Ultimately, drivers might even be able to order a Starbucks drink from their dashboard or take a nap while artificial intelligence operates the vehicle. Companies like BMW say faster data transmission through next-generation broadband is critical to accelerating this push.

“We are on a broader scale pushing the telecommunication companies to roll out 5G as quickly as they can,” said BMW management board member Peter Schwarzenbauer.

GM and Toyota, meanwhile, have models already equipped with DSRC, and are urging the Trump administration to support a 2016 proposal that would require auto makers to start phasing it into new cars as of 2021. The Transportation Department has yet to make a final ruling on that Obama-era proposal, even as auto makers are already well into the design phase of 2021 model year vehicles.

“Getting the rest of the industry to follow has been tough sledding,” said Steve Schwinke, director of GM’s advanced development and connected services.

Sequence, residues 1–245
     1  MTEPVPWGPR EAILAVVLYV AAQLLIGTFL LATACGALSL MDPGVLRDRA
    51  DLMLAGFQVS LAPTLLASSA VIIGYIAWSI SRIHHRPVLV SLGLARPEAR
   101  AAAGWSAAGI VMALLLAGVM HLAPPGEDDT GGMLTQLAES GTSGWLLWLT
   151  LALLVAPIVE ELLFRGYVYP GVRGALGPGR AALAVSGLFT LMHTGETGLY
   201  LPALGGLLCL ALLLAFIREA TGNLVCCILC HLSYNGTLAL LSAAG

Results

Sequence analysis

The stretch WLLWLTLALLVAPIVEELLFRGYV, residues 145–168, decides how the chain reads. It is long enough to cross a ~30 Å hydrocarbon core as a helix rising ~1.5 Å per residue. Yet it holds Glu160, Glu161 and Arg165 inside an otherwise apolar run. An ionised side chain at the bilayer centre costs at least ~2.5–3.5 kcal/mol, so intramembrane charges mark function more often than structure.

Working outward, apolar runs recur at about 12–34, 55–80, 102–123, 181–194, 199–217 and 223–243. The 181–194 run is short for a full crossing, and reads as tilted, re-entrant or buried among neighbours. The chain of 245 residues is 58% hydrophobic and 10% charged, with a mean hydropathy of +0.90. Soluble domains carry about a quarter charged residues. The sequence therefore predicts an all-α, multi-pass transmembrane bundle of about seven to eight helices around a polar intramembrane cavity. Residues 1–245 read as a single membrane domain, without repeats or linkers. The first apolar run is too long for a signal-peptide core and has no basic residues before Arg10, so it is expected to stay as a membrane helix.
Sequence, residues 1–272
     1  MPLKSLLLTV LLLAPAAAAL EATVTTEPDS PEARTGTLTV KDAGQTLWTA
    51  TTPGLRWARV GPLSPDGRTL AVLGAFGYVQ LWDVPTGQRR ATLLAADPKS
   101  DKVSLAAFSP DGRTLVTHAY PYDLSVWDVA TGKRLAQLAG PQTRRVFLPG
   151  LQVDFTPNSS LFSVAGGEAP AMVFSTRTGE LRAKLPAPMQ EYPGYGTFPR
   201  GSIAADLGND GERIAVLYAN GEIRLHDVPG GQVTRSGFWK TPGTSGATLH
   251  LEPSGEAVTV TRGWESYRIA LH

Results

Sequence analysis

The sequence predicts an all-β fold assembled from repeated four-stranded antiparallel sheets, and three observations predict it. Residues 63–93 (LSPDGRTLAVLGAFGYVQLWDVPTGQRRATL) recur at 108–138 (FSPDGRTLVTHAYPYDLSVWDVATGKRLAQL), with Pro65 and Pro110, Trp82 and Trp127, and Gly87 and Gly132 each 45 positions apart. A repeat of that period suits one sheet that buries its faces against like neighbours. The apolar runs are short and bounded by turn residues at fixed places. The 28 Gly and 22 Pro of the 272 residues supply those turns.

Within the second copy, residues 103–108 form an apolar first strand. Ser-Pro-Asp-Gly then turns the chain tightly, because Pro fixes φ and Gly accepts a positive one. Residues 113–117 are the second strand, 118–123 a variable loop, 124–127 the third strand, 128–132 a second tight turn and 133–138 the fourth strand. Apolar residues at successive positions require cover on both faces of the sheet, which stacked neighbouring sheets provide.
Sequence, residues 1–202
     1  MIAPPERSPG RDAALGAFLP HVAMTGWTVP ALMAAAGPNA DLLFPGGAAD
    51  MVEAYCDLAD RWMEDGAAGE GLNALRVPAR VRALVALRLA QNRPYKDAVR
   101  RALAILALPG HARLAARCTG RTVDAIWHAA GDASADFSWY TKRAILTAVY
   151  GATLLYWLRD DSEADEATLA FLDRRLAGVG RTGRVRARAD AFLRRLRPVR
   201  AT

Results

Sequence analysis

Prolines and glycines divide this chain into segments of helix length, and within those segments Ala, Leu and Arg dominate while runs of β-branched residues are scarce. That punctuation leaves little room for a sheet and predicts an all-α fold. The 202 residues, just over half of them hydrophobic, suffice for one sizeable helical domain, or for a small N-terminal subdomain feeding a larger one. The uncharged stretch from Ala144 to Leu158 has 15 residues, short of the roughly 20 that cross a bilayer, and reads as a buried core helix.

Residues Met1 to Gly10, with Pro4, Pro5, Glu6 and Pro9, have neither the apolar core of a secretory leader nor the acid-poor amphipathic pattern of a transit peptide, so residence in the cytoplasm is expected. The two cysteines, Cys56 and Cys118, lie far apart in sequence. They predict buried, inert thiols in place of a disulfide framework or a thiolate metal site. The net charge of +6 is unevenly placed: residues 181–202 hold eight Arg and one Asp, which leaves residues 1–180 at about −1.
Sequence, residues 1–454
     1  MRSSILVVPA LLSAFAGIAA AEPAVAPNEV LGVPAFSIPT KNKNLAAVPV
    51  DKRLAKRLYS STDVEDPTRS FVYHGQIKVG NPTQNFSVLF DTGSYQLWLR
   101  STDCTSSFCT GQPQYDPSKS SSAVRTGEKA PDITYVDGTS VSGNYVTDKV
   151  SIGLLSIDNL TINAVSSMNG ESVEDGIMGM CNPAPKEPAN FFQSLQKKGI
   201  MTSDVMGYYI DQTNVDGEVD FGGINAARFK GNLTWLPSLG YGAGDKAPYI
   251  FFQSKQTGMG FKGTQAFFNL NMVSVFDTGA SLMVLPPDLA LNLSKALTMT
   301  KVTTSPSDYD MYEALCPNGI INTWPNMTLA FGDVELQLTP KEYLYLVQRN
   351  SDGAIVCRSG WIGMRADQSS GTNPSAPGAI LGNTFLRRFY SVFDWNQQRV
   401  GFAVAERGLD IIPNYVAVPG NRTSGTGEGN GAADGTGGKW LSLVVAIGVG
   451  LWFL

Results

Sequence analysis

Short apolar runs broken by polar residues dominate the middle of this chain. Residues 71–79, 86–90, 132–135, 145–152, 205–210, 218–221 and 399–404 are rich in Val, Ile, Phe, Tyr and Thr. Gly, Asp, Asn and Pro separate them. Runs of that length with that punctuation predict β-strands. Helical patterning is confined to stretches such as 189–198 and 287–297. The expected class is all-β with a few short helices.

Toyota Motor and General Motors back a Wi-Fi-based technology known as DSRC for vehicle connectivity, while Ford Motor and BMW support fast-tracking fifth-generation cellular broadband.Toyota Motor and General Motors back a Wi-Fi-based technology known as DSRC for vehicle connectivity, while Ford Motor and BMW support fast-tracking fifth-generation cellular broadband.  PHOTO: WILLY KURNIAWAN/REUTERS

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One issue with the technology backed by GM and Toyota is cost. Telecom companies plan to pay for upgraded cell towers and roadside antennas for 5G to service their existing networks. To fully deploy DSRC, billions of dollars in government-funded infrastructure is required, according to a U.S. Transportation Department estimate.

That short-range technology also would add about $300 to the price of a vehicle for dedicated equipment, the National Highway Traffic Safety Administration estimates. Most new vehicles come installed with cellular modems, so there would be little additional cost to drivers for 5G.

GM and Toyota alone account for about one-third of the new cars sold in the U.S., and roughly 20% of the vehicles sold world-wide. Toyota has delivered more than 100,000 cars equipped with DRSC in Japan and will offer it on most of its lineup in the U.S. by the mid-2020s in addition to cellular modems.

GM and Toyota see their Wi-Fi-based technology as a bridge to 5G, which has yet to be fully tested in vehicles and may take years to be fully deployed.